Students know the lines from the hit song “Thrift Shop” by Macklemore and Ryan Lewis: “I’m gonna pop some tags, only got $20 in my pocket.”
Though some thrift shop owners have noticed an increase in consumers after the musical phenomenon, the stores were rising in popularity prior to the song’s release. In 2013, The National Association of Resale Professionals found a seven percent increase since 2008 in the number of thrift stores in America.
Saeromy Bak, a Hamilton High School junior and avid thrift shopper, gets excited when she finds great bargain items that cannot be found in retail stores. “I’ve been thrift store shopping since 9th grade,” she said in an interview. “I love finding things that should be much more expensive than they are sold for.”
Many thrift stores have witnessed a rise in younger customers. The manager of a newly opened store across the street from Granada Hills Charter High School said, “We didn’t know our store would be across from GHCHS, but we have definitely seen an influx of younger generations taking interest in our thrift store.”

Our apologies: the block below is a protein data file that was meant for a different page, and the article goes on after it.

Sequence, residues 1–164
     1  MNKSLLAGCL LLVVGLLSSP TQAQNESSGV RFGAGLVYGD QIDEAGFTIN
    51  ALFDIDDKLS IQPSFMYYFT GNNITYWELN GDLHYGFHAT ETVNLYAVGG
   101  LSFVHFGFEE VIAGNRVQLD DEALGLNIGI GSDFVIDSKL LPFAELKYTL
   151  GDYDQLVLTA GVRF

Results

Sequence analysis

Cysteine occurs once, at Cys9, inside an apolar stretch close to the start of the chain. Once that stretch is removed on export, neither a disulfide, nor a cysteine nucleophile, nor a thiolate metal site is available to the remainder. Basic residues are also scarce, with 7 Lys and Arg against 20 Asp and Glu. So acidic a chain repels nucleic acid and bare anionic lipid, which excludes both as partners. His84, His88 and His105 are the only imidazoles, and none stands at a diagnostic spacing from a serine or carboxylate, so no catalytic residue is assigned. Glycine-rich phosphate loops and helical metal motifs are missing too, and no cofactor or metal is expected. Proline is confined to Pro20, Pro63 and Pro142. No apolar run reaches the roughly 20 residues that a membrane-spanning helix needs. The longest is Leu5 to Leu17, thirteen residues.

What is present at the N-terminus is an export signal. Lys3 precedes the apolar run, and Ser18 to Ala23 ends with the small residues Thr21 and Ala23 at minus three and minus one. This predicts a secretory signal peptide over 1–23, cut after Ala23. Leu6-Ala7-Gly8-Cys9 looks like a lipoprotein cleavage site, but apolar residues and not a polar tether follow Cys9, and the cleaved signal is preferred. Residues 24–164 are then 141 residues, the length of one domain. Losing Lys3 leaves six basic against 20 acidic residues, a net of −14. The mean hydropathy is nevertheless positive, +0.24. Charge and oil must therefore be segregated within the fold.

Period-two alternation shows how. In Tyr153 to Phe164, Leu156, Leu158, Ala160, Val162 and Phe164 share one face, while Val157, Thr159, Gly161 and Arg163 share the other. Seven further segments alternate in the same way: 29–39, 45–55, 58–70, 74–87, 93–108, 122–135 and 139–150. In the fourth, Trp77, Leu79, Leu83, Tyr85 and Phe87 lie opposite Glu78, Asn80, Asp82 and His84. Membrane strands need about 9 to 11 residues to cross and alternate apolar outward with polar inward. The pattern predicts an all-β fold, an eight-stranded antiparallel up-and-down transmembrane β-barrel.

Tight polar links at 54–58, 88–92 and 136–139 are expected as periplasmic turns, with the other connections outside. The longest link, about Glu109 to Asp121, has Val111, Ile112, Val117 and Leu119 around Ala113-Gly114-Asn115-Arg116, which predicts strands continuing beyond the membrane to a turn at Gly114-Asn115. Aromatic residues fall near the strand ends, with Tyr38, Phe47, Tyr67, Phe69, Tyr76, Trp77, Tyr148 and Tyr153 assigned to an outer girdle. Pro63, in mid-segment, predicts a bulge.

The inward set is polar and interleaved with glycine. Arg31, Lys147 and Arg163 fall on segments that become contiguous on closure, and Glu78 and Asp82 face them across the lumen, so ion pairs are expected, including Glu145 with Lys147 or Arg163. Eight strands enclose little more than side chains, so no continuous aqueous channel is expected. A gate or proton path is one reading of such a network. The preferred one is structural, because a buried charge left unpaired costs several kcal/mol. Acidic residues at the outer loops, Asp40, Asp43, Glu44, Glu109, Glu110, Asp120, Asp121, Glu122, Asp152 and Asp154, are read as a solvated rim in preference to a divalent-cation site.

In addition to the benefits for consumers, thrift stores offer economic relief for the community and often donate their proceeds to charitable organizations.
In an interview, a Goodwill manager in Reseda talked about the store’s goals and priorities.
“The main difference between a retail store and a thrift store is the fact that all the clothes are donated, so everything is recycled,” said the manager. “Our objective is to help the economy by opening up work centers. The profit we get goes directly to hiring more people with mental disability to get jobs. We’re helping the community by benefitting the maximum amount of people.”